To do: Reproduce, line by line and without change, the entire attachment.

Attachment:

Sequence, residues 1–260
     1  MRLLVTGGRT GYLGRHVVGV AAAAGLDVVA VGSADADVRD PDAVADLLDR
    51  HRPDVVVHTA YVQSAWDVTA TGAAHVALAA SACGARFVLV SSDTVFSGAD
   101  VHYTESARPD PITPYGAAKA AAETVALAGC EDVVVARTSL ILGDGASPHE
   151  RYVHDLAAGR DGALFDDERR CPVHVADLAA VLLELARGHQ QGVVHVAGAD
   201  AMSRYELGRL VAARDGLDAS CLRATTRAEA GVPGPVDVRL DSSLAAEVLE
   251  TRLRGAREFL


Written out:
Sequence, residues 1–260
     1  MRLLVTGGRT GYLGRHVVGV AAAAGLDVVA VGSADADVRD PDAVADLLDR
    51  HRPDVVVHTA YVQSAWDVTA TGAAHVALAA SACGARFVLV SSDTVFSGAD
   101  VHYTESARPD PITPYGAAKA AAETVALAGC EDVVVARTSL ILGDGASPHE
   151  RYVHDLAAGR DGALFDDERR CPVHVADLAA VLLELARGHQ QGVVHVAGAD
   201  AMSRYELGRL VAARDGLDAS CLRATTRAEA GVPGPVDVRL DSSLAAEVLE
   251  TRLRGAREFL